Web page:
Standard definitions of MAs, are issued by the Office of Management and Budget (OMB) to be used in the presentation of statistics by agencies of the Federal Government. OMB establishes the geographic definition of each area following detailed technical criteria and with the advice of the interagency Federal Executive Committee on Metropolitan Areas.
The general concept underlying these definitions is that of a core area containing of a large population nucleus together with adjacent communities having a high degree of economic and social integration with that core. In effect, the definitions specify a boundary around each large city that includes most or all suburbs in addition to the city itself. Most definitions also include smaller satellite communities and some open country since, in general, entire counties form the MA building blocks. Some areas are defined around two, three, or more central cities.
Standard metropolitan definitions were first developed for the 1950 census and have been updated after each subsequent decennial census. The criteria used for defining MAs also have been revised several times. The current definitional standards were published in the Federal Register on March 30, 1990.
The major purpose of the MAs is to enable all Federal statistical agencies to use the same geographic definitions in tabulating and publishing data for metropolitan areas. MAs are defined in terms of counties because a wide range of statistical data New England, however, the definitions are produced in terms of cities and towns for the same reason (although county-based definitions are also prepared for that region.
The definitions are designed to serve for a wide variety of statistical and analytical uses. Adoption of the areas for any specific use should be judged, however, in terms of the appropriateness of the definitions for that use. While the definitions have been developed for statistical use by Federal agencies, State and local governments as well as private business firms have often found the definitions helpful in presenting metropolitan statistics.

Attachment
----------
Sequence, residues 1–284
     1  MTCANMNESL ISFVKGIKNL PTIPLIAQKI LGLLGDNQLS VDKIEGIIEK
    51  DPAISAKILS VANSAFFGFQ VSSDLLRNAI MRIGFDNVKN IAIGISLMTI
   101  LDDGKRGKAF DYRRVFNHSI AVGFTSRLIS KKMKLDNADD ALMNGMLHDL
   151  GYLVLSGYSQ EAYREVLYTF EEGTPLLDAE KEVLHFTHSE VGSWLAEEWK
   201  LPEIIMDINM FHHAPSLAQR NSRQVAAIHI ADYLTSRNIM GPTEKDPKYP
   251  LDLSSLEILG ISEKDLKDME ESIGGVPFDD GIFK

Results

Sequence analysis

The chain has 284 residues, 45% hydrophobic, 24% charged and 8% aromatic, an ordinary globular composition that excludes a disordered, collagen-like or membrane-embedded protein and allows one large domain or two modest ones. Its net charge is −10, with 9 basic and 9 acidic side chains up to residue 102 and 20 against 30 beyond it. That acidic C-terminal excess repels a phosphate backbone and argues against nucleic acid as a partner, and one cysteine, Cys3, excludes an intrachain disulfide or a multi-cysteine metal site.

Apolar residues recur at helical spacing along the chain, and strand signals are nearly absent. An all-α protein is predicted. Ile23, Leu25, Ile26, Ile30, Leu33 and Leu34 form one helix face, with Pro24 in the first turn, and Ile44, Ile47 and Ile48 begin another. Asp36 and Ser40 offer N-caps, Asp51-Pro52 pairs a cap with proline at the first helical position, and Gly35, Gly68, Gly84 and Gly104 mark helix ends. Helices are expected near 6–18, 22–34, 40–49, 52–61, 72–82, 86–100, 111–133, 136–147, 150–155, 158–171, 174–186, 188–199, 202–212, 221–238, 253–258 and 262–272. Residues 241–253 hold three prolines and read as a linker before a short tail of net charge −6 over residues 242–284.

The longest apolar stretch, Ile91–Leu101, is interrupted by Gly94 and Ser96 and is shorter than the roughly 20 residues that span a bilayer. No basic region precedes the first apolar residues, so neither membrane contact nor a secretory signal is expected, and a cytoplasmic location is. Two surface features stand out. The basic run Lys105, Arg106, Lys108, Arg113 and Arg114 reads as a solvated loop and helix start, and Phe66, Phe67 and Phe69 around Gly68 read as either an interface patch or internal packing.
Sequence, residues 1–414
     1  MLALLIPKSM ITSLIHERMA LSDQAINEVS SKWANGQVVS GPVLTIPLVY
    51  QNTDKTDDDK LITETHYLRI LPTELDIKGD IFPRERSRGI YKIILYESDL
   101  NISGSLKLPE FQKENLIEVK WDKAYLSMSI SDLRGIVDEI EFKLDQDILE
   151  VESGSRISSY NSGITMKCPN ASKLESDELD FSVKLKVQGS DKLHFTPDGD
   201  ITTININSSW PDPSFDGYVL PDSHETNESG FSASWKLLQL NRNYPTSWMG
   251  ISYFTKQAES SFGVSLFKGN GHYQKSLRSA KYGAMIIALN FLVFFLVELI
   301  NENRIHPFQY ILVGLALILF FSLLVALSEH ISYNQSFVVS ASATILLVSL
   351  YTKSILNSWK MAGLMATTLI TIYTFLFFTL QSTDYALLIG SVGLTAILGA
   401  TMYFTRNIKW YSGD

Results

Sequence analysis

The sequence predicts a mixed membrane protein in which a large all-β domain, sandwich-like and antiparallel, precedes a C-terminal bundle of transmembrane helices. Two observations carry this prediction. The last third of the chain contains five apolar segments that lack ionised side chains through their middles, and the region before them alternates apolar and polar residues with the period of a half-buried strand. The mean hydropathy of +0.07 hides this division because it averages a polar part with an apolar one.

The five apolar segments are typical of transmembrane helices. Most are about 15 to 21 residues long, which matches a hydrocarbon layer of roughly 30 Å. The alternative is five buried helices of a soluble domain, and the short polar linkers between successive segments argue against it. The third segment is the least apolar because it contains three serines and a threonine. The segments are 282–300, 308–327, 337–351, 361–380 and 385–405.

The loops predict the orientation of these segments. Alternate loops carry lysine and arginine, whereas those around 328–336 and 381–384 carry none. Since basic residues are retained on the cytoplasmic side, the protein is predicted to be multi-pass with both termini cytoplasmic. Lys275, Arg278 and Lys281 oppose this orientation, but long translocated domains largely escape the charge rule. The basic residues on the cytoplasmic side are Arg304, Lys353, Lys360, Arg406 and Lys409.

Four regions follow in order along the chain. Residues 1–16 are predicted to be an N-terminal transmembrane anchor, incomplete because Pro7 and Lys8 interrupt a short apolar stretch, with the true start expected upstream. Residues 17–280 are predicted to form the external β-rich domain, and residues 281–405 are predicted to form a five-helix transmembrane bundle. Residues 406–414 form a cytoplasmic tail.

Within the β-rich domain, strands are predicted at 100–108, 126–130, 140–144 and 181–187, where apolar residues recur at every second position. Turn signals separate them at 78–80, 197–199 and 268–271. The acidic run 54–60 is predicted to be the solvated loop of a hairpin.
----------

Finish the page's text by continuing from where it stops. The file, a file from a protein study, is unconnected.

By the 1990 standards, an area qualifies for recognition as an MSA in one of two ways: (1) if it includes a city of at least 50,000 population, or (2) if it includes a Census Bureau-defined urbanized area (of at least 50,000 population) with a total metropolitan population of at least 100,000 (75,000 in New England). In addition to the county(ies) containing the main city or urbanized area, an MSA may include additional counties that have strong economic and social ties to the central county(ies) and meet specified requirements of metropolitan character. The ties are determined chiefly by census data on commuting to work. A metropolitan statistical area may contain more than one city of 50,000 population and may cross State lines.
An area that meets theses requirements for recognition as an MSA but also has a total population of one million or more may be recognized as a CMSA if: (1) separate component areas can be identified within the entire area by meeting specified statistical criteria, and (2) local opinion indicates there in support for the component areas. If recognized, the component areas are designated PMSAs, and the entire areas becomes a CMSA. If no PMSAs are recognized, the entire are is designated an MSA.
NECMSs are county-based alternatives to the city- and town-based metropolitan areas in New England. The NECMA for an MA or CMSA includes: (1) the county containing the first-named city in that MSA/CMSA title (this county may include the first-named cities of other MAs/CMSAs), and (2) each additional county having at least half its population in the MA/CMSA(s) whose first-named cities are in the county identified in step 1. NECMAs are not defined for individual PMSAs.